This is another data point demonstrating that the contemporary Republican party has collapsed into pure ethnic and cultural grievance, without even the pretense of wanting to govern as a political party.

    3
  24. James Joyner says:

    @Mimai:

    And yet, as written, the bill gives no coverage to people who spew vitriol at marginalized groups.

    So, what is your view of what this means?

    The State Board of Education may not shield students, faculty, or staff at Florida College System institutions from free speech protected under the First Amendment to the United States Constitution, Art. I of the State Constitution, or s.1004.097.

    What possible benign motive could be behind this?

    2
  25. The past several weeks of policy action and attention will shape my job search when I’m back on the academic job market in a couple of years…..

    People with options won’t go to shitty situations… and shitty situations will need to pay a lot more to get the same quality that they currently get before the situation became shitty.

    2
  26. SC_Birdflyte says:

    @CSK: Well, DeSantis and I have something in common, having attended Yale. Of course, I graduated from the University of Florida before that. If I were back on the UF campus, and some survey-taker asked me what my political philosophy was, I would simply say “Hegelian” and let them puzzle it out.

    1
  27. CSK says:

    @SC_Birdflyte:
    And if pressed, you could refer your interrogator to your thesis…and antithesis.

    4
  28. inhumans99 says:

    @Blue Galangal:
    Maybe not, the problem in FL is not the Universities. Anyway, they may not do all that much to not encourage that folks answer the survey in such a manner that the survey takers say they are a trans individual who is also a member of Q and worships Trump, that would throw folks looking at the results of such surveys for a loop and would probably cause folks in the FL Government to quietly retire such surveys.

    Unless there is a penalty for answering in a prankish way, but even then plenty of folks could bombard the surveys with such answers to the point where DeSantis has to decide, fine 20,000 pranksters or realize the optics of that would not look good and quietly retire the surveys by not requiring enforcement that every student take the survey.

    What is weird with FL and TX is that folks are starting to live under Cuba like regimes, but in CA I am seeing Ads that says Newsome is sending all of us (or most of us) checks due to how well CA is doing financially, and in FL their Governor is asking for permission to video tape students in classrooms and force you to declare your political beliefs and in TX the Governor goes on the record to declare he is not a fan of Dogs. Quite the contrast.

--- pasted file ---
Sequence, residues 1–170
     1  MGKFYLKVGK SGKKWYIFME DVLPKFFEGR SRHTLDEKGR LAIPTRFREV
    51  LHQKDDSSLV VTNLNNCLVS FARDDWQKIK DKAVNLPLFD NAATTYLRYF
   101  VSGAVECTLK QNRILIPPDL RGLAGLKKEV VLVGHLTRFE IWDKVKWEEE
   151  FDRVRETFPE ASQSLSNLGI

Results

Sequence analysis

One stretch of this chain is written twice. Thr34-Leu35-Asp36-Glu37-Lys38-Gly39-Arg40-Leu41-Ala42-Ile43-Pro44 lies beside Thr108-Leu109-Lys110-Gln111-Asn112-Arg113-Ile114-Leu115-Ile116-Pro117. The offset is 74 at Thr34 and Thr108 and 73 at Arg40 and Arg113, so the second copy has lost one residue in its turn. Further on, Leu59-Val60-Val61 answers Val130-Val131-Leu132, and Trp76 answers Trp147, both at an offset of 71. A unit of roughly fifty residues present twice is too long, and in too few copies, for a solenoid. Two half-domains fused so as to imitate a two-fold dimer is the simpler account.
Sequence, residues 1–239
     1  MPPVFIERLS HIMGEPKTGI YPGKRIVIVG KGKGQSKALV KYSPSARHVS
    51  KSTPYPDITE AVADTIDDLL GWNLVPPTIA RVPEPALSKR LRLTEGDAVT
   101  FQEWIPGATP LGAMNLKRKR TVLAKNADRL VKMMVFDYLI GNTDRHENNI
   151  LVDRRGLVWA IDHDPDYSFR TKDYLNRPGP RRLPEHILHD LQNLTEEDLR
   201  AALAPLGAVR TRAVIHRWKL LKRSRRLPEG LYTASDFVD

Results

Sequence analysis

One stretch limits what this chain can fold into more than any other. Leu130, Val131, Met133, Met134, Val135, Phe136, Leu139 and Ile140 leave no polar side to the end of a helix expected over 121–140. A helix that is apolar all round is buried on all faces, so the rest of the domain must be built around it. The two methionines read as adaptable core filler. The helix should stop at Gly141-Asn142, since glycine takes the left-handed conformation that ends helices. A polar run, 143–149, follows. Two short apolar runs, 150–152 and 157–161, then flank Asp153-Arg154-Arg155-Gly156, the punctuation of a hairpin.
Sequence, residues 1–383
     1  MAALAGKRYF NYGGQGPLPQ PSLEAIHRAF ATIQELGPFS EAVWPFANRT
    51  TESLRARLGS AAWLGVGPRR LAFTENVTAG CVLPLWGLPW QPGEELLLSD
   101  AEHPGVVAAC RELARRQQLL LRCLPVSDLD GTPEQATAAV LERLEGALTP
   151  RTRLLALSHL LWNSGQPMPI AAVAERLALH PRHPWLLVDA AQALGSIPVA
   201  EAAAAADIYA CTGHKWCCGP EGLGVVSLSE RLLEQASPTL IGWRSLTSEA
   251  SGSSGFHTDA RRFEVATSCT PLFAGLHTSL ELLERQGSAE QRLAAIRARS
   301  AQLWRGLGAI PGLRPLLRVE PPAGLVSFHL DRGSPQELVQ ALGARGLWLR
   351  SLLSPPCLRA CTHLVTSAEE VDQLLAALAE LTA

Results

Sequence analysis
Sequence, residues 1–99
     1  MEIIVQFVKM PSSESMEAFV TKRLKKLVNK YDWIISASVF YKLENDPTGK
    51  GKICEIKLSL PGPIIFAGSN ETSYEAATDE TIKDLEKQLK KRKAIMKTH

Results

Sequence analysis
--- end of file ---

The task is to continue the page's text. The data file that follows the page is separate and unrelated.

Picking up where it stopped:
I do think that this discomfort with the Govs of TX and FL basically just dictating what their citizens can or cannot do while living in the state will eventually be noticeable as folks start to push back on Governors who declare that they are all about allowing full unfettered Freedom in their states, as long as you do not do a,b,c,d,e,f,g,h,i…because that can get you fined or arrested, but otherwise you are free as a bird in TX and FL, lol.

    More seriously, the Gov of FL wanting to create a law where citizens have to truthfully declare their political affiliation is something that made me go whoa! I bet a lot of Floridians are not happy that DeSantis wants to force their kids or kids from other states attending Universities to reveal who they plan to vote for in future elections.

    Folks who fled Cuba, and just Floridians in general should be spooked by this becoming a law and I wonder if this law will just be completely toothless as bureaucrats choose to ignore enforcement of it. Kind of like when Obama declared it was not a priority to go after people who smoked MJ in CA when possession of the drug in CA was still illegal at both the state and Federal level.

  29. Mimai says:

    @James Joyner:

    From the bill:

    The State Board of Education may not shield students, faculty, or staff at Florida College System institutions from free speech protected under the First Amendment to the United States Constitution, Art. I of the State Constitution, or s.1004.097.

    2. “Shield” means to limit students’, faculty members’, or staff members’ access to, or observation of, ideas and opinions that they may find uncomfortable, unwelcome, disagreeable, or offensive.

    I may be venturing out over my skis here, but I don’t think this is [your words]: “giving license to those who wish to spew vitriol at LGBTQ students and faculty.” Would such vitriol spewing not cross the line and lose First Amendment protection? Harassment, threats, intimidation, etc.

    Rather, I think it is gesturing at “free speech zones,” invited speakers, hecklers vetoes, etc. And also the type of scholarly (and potentially uncomfortable) content that is presented in courses.

    What possible benign motive could be behind this?

    I wrote this: “To be clear, I don’t think the motives are virtuous.”

    Motives != Text. If you want to discuss the mendacity of DeSantis, that’s fine, you’ll get no argument from me. But I understood your post to be about the bill. Of course, those are not orthogonal, but surely we can focus on what the text says without getting into mind-reading territory.

    2
  30. Barry says:

    @inhumans99: “Folks who fled Cuba, and just Floridians in general should be spooked by this becoming a law…”

    They probably like it and see it as anti-communist.

    2
  31. Nightcrawler says:

    How does this work for international students? Do they need to pick an American political orientation, even if they have zero understanding of American politics, even if they’re here only to get a degree and will return home after graduation?